Monday, July 17, 2023

Golem - The 2nd Horizon (1998)

The artwork for the second Golem, while equally as cheesy as the first, seems a lot more innocuous, and its cosmic orientation gives off the impression that the Germans might be taking their slightly technical Carcass-like death metal into a more progressive direction. In fact, that is more or less the truth, although it's not yet as atmospheric, jazzy or new age as it might look, this sophomore does steer them a little further away from the worship that defined their debut. In fairness, there is still a lot of that influence gleaming through, largely through the vocals but also in a few of the spikes or more melodic riffing, but they definitely seem headed down their own path, and it's a good choice because this is probably my favorite album they've put out.

Part of that is the improved production, which is less punchy and digital feeling as their first album which went more for that Necroticism vibe. This is more balanced and organic, and works well with the denser melodic chord patterns. I don't think the lead tone on this album is that great, especially for the spacey harmonies they're infusing, but it's good enough to get the gist of their ideas, and there are a LOT of them, because Golem is easily one of the riffiest death metal bands to never ascend the throne, possibly because of that derivative factor which hovered over them for a few years. And it still does pop up from time to time, like the chugging breaks in "Departure" which might remind you of a certain tune from Heartwork, or the raucous vocal delivery, but where the Germans excel here is when they go full on with some of the most melodic material like "The Shortening of the Way" or "Heretics", the sorts of tunes that instantly embed into my memory.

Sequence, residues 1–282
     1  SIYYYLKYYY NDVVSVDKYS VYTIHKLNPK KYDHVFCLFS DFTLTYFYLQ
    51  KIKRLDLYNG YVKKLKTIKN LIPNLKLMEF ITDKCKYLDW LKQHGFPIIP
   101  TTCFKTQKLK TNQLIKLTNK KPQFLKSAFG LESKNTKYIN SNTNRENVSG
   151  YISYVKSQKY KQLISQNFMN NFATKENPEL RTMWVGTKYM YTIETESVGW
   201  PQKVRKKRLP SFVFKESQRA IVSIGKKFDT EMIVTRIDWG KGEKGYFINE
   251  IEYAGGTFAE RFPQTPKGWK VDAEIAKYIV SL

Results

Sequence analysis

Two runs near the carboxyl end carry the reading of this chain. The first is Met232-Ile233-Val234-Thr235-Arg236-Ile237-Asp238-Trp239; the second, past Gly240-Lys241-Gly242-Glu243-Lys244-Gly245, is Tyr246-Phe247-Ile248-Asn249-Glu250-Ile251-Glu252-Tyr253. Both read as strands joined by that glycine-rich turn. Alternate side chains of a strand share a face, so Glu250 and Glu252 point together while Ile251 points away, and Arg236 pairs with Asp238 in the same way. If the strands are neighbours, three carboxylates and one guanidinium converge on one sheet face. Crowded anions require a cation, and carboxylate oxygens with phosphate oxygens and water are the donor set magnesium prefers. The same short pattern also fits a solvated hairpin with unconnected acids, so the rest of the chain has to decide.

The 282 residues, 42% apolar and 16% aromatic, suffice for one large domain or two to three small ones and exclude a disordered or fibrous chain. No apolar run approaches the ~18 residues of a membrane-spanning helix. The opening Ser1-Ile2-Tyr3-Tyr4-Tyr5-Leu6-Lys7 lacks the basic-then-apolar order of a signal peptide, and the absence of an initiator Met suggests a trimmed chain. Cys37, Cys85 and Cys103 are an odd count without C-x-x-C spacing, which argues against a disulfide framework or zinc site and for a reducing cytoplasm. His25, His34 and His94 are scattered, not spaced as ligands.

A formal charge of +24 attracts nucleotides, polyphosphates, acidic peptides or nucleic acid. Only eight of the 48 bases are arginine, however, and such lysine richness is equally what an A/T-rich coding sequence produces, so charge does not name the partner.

There were definitely other great bands that took the Carcass stylings and ran with them, Exhumed and Impaled from here in the States come to mind, but Golem almost represented a potential strain of melodic death metal that might have thrived if more bands had gone that route rather than aping the In Flames, At the Gates and Dark Tranquillity. The 2nd Horizon is a really great example of that potential development, and strong enough to get this band to the next level, but somehow that just wasn't about to happen...maybe it's the cover art, maybe groups like Soilwork and Darkane were just doing more exciting material (they were), but this one definitely holds up even more than the debut.

Verdict: Win [8.25/10]

No comments: